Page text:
So to count to 5 in base 2 you can count 1, 10, 11, 100, 101.

^This.

For lower values, I'll also normally say the individual digits to make differentiating easier.

ie. One(1), One-Zero(2), One-One(3), One-Zero-Zero(4), One-Zero-One(5)

 

1 hour ago, CuriosOne said:

But what base does algebrea use?

I ask becuase it has a 2 above the x:

x^2

 

You assume base 10 unless otherwise indicated.

 

For x^2 that '2' just indicates that you are multiplying it by itself that many times.

x^2 = x multiplied by x twice = x raised to the power of 2 = x squared

 

1 hour ago, CuriosOne said:

 0 9 8 7 6 5 4 3 2 1 is understood, but when we add these to "units" from derived math formulas is where I get confused, very confused and "one of the reasons is: You cannot have 60 seconds in one "completed cycle" ie time doesn't say 1:60 pm, it says 2:00 pm

So what happens when we apply your explanation to time? Do we have 0->59 charectors of time?? 

I think were not including the most fundamental part of numbers and nature..

Time is a mixed base system based on the bases 12 and 60(12*5).

image.jpeg.c8142343ad7bf6f31d4eb3d6fe10fb05.jpeg
Originally based on counting each of the 12 colored areas above and everytime you reach twelve lowering one finger of the other hand.
 

 

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38 minutes ago, Bufofrog said:

I don't know. 

X^2 = X * X

^2 has nothing to do with base 2.

what's the capitol x for?

about ^2 makes sense, ...

undoublty "then" its ratio, length and time based all wrapped up in a nice tiny box of x...lol

24 minutes ago, Endy0816 said:

^This.

For lower values, I'll also normally say the individual digits to make differentiating easier.

ie. One(1), One-Zero(2), One-One(3), One-Zero-Zero(4), One-Zero-One(5)

 

 

You assume base 10 unless otherwise indicated.

 

For x^2 that '2' just indicates that you are multiplying it by itself that many times.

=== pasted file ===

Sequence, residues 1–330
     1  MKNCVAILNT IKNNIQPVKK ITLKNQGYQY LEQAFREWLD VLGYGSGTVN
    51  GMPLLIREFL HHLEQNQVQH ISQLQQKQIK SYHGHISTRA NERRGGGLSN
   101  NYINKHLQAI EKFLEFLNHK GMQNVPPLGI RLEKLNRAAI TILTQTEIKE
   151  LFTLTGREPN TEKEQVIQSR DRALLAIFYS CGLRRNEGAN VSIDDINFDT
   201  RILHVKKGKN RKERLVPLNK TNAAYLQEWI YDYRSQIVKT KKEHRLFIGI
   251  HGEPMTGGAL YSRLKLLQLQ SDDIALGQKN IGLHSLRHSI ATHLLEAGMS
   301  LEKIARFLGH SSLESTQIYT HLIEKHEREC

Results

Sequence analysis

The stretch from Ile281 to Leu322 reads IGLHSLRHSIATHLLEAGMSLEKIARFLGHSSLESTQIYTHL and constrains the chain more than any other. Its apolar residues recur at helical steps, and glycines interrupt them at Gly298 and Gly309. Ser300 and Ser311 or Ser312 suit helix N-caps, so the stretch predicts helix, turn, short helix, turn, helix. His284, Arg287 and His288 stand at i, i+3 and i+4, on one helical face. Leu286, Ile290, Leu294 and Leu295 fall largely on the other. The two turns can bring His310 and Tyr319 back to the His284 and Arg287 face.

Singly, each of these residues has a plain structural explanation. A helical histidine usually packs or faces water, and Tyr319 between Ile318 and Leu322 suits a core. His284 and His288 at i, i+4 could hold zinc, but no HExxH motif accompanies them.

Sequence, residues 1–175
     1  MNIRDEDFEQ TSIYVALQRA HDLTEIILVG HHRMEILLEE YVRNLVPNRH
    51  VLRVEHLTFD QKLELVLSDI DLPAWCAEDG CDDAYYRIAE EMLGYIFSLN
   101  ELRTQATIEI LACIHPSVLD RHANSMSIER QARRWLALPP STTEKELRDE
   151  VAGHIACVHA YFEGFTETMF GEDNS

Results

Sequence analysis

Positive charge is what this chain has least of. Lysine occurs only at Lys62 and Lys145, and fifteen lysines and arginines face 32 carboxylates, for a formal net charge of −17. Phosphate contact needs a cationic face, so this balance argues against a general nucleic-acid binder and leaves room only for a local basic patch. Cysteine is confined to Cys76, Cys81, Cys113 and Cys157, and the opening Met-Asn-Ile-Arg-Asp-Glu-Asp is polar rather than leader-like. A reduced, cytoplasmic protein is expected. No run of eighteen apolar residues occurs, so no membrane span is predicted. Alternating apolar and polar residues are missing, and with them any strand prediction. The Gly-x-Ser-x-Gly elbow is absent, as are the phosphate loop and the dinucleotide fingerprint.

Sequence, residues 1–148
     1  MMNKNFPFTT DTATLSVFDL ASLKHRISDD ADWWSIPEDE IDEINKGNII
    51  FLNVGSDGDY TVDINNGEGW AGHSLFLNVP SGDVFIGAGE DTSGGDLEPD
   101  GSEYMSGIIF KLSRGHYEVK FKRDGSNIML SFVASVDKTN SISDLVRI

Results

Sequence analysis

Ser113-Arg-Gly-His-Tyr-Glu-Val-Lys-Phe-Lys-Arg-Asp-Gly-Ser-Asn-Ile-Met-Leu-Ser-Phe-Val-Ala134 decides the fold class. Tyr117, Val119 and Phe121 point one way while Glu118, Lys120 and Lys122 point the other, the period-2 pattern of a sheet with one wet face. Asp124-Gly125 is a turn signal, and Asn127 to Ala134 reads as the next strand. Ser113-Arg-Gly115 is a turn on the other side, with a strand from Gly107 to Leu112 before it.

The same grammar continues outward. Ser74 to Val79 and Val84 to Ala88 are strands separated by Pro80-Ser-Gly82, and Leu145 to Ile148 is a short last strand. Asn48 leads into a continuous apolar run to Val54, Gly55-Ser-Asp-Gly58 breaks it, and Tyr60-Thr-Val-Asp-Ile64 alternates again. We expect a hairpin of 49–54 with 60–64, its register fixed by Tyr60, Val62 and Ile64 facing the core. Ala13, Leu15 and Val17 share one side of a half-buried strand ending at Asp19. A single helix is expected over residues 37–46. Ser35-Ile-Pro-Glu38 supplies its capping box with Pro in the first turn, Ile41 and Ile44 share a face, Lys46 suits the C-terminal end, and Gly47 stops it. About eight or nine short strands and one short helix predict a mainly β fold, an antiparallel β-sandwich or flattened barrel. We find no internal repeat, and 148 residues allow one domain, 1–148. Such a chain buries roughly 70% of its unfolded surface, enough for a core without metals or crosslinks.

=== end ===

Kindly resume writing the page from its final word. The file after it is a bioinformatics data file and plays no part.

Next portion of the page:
x^2 = x multiplied by x twice = x raised to the power of 2 = x squared

 

Time is a mixed base system based on the bases 12 and 60(12*5).

image.jpeg.c8142343ad7bf6f31d4eb3d6fe10fb05.jpeg
Originally based on counting each of the 12 colored areas above and everytime you reach twelve lowering one finger of the other hand.
 

 

Ok, lots of questions here...if you may..

The counting base 10 system is the only one I understood so far...I will work on the others..

For the 60 and minute question.

Is that 5 in 5*12 base 5?? Or is it some "form" of square root "base system" for 25*4 = 10^2 100 cm for the base 12 system...Maybe I should just open a new thread, but this is on topic..

Just to let you know I get this idea from 100 cm in one "meter second" the SI unit for the second, but from real time, not the speed of light...

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2 hours ago, CuriosOne said:

what's the capitol x for?

about ^2 makes sense, ...

undoublty "then" its ratio, length and time based all wrapped up in a nice tiny box of x...lol

Ok, lots of questions here...if you may..

The counting base 10 system is the only one I understood so far...I will work on the others..

For the 60 and minute question.

Is that 5 in 5*12 base 5?? Or is it some "form" of square root "base system" for 25*4 = 10^2 100 cm for the base 12 system...Maybe I should just open a new thread, but this is on topic..

Just to let you know I get this idea from 100 cm in one "meter second" the SI unit for the second, but from real time, not the speed of light...

5 in base ten. Always assume base ten until told otherwise or if it is obvious in context(dealing with base-16 hexadecimal codes with letters as numerals for example).

This is only alongside numbers, but you would normally use subscript to identify the base being used(if it needs to be made obvious). The number indicating the base, should itself be in base ten to avoid confusion.

ie. 5 in base ten = 510

 

An old joke goes that there are 10 kinds of people in this world, those that understand binary and those that don't.

The joke being that 'one-zero' in binary or 102, actually means just two in base ten.

 

You already understand counting in different bases, you just have to adjust your thought process slightly to see that.